WISHH Perspectives

Solar and Cold Storage Technology and Training Boost Food Safety

In recognition of World Food Safety Day on June 7, the American Soybean Association’s World Initiative for Soy in Human Health shares three examples of its exciting work with strategic partners in Asia and sub-Saharan Africa: (1) management training for Nigerian cold storage hub operators, (2) solar domes for drying fish in Cambodia and (3) online courses for feed and food companies. These innovations are all part of WISHH’s impactful food safety work.

Promise is Hot for Nigerian ColdHubs

Solar-powered ColdHubs are a new opportunity to protect food safety and reduce food loss. The UN estimates annual post-harvest food loss in sub-Saharan Africa equals food for 48 million people. Photo credit: ColdHubs

The Global Cold Chain Alliance introduced WISHH to ColdHubs CEO Nnaemeka. C. Ikegwounu, a pioneer in walk-in, solar-powered cold stations for 24/7 storage and preservation of foods at markets where farmers rent space through a pay-as-you-go subscription model. The units are often used for fruits and vegetables in Nigeria. Ikegwounu and WISHH see promise for greater use of ColdHubs in storing meat and fish.

In sub-Saharan Africa, post-harvest food losses are estimated to be worth US $4 billion per year—or enough to feed at least 48 million people, according to the United Nations Environment Programme. Food loss and waste are recognized as a serious threat to food security, the economy, and the environment.

This month, WISHH is sending a business management expert to Nigeria for customized training in business management methods and techniques that ensure the cooling room and equipment run optimally and avoid breakdowns. WISHH is using USDA Market Access Program and Agricultural Trade Promotion funding for this training to assist ColdHubs, its operators, and end users with more cost-effective, consistent, and reliable cooler performance.

Under the Dome, Over-the-Top Results!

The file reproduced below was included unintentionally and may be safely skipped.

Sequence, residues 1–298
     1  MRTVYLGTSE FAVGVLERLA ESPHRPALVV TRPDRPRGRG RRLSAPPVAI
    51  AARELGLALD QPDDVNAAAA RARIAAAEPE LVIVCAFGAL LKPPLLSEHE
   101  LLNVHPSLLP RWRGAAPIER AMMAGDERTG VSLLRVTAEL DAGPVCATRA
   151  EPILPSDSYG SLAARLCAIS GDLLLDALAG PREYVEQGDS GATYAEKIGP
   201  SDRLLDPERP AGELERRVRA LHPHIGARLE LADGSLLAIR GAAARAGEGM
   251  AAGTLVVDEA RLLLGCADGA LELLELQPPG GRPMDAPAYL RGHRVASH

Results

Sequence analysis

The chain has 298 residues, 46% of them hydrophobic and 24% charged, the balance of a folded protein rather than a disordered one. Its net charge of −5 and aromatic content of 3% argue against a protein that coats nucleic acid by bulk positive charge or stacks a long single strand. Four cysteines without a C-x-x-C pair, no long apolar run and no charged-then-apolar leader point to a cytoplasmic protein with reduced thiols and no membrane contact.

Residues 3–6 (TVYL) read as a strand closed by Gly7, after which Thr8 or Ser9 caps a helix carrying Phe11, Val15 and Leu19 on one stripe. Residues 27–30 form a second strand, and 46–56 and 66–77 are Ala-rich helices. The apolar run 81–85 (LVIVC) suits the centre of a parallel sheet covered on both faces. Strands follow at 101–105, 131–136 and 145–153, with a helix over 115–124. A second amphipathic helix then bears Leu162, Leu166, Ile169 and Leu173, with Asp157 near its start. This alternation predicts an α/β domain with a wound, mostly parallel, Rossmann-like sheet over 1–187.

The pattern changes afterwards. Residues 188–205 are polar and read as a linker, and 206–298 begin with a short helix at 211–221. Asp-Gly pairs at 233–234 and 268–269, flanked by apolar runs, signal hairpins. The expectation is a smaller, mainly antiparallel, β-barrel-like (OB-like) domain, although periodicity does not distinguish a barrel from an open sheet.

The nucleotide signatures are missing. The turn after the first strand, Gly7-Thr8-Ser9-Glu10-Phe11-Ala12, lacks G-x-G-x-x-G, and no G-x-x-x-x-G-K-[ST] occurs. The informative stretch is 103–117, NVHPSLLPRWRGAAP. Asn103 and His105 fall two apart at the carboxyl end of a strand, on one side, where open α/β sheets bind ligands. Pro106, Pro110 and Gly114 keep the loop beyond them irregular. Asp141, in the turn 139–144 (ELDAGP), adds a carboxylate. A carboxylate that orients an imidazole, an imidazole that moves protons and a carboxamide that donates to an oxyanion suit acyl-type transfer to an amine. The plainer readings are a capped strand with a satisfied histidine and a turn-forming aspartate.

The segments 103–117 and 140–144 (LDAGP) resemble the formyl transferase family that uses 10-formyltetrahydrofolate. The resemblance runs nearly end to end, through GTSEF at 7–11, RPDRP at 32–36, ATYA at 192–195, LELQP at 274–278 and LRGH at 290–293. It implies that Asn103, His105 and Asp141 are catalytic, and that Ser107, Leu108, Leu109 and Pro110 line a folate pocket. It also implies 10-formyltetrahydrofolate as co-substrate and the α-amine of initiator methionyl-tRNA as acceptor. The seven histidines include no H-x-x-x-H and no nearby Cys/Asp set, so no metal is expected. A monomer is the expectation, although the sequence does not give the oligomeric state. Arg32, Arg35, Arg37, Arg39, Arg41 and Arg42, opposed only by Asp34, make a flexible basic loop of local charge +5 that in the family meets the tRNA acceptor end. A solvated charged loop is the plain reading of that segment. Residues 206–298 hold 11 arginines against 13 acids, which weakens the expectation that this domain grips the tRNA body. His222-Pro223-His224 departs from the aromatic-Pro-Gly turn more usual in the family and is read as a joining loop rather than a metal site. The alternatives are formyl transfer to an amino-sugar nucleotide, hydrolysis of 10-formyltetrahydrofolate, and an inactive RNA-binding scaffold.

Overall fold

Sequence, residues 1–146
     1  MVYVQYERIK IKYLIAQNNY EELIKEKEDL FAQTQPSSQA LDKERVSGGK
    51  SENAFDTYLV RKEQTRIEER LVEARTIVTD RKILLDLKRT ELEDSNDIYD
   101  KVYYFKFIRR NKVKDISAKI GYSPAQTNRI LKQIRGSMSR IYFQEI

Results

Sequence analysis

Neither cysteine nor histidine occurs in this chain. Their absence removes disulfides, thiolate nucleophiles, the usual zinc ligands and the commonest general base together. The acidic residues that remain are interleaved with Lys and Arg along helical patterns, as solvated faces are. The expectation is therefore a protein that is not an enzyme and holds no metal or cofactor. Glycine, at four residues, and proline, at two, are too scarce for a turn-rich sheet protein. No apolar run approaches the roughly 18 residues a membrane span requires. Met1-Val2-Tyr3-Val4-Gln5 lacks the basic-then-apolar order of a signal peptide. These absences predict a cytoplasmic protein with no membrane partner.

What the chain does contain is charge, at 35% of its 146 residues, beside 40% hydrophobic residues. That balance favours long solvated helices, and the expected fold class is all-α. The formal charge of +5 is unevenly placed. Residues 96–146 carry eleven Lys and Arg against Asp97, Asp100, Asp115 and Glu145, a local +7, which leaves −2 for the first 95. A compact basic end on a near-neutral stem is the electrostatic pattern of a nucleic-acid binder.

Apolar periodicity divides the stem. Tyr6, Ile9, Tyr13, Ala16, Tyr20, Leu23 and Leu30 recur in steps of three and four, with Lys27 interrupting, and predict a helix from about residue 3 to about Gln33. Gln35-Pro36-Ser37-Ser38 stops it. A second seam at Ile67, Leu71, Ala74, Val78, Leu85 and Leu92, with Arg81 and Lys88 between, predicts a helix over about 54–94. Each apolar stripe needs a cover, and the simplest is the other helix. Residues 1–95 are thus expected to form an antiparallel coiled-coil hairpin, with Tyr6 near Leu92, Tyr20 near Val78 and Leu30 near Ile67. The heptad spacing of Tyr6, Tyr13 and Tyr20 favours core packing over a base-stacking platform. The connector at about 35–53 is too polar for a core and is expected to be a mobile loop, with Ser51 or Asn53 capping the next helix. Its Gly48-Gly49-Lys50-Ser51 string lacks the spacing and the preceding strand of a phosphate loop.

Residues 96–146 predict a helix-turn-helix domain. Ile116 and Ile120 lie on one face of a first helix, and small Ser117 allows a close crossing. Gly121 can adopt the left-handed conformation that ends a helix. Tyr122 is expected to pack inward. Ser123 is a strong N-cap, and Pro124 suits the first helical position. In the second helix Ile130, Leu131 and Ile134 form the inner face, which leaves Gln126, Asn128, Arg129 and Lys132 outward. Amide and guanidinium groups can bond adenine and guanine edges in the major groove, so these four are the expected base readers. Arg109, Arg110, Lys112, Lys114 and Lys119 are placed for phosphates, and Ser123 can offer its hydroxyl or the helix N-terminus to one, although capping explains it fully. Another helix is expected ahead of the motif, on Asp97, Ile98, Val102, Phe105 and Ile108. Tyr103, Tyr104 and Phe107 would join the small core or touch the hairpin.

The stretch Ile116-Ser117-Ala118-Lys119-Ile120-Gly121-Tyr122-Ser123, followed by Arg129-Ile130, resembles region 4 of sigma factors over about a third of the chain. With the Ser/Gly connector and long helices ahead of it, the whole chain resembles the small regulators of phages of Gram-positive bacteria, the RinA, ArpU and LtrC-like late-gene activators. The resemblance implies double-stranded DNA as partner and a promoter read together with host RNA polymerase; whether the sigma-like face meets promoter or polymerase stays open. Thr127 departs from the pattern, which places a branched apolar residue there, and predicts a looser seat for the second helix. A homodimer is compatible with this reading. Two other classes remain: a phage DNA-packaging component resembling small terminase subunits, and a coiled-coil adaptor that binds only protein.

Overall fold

Cambodian fish distribution business owner Yorn Samnang reports a new solar dryer dome allows him to triple productivity and fill growing demand for safe fish in Cambodia. Photo credit: Yorn Samnang

WISHH’s USDA-Food for Progress Commercialization of Aquaculture for Sustainable Trade-Cambodia Project is tackling multiple challenges in the country’s aquaculture industry with the introduction of solar domes for drying fish. Cambodia’s wet season spans May to October and is a major challenge to fish distributors and the farmers who depend upon them to market their fish. Typically, fish are dried outside on tables where they are exposed to the sun—and food safety hazards.

CAST partner World Vision Cambodia worked with Yorn Samnang, owner of fish distribution enterprise Samnang Sothea, to introduce a solar dome that was custom designed by Harvest The Sun to meet the food safety standards CAST champions. HTS and CAST collaborated and tested prior to introducing the solar dome at Samnang’s fish distribution business in Feb. 2022. He also received a matching grant through CAST that covered approximately 40% of the cost of the solar dome investment.

Since its installation, Samnang reports his productivity increased 300%—tripled!—compared to traditional drying without the solar dome. Importantly, the shorter drying times help prevent fish from spoiling, and he doesn’t have to worry about rain. He can now dry fish at night, too. Samnang’s business is now drying up to 90-120 kg (198-265 lb.) of fish per day, which is about 27-36 metric tons of dried fish per year. HTS calculates Samnang will recover his investment in 12-18 months. Samnang is excited to increase his supplies to help fill the growing demand for safe fish in Cambodia.

The solar dryer domes also contribute to climate change resilience. They reduce food spoilage and waste linked to greenhouse gases while using clean renewable energy to increase food production. CAST is now working with two more fish suppliers who will purchase solar domes with CAST matching grant funding. HTS is optimistic that, in addition to aquaculture, the new solar dome technology will prove useful to others in agriculture.

Virtual Training Lessons for Food and Feed Entrepreneurs

WISHH is supporting strategic partners Prosoya Kenya and Yedent Agro in Ghana. Both companies manufacture soy-based foods and feeds, and their 14 employees will benefit from online food safety courses developed and offered by North Carolina State University. With USDA Foreign Market Development funding, WISHH is making it possible for these strategic partners to access four of NCSU’s self-guided lessons. Topics cover good manufacturing processes for warehousing and hazard analysis and other training.

Through these three initiatives and others, ASA/WISHH leads support for food safety and more so protein-rich soy offers solutions for healthy foods and feeds in Asia, Latin America and sub-Saharan Africa.

Previous posts:

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Logo of World Initiative for Soy in Human Health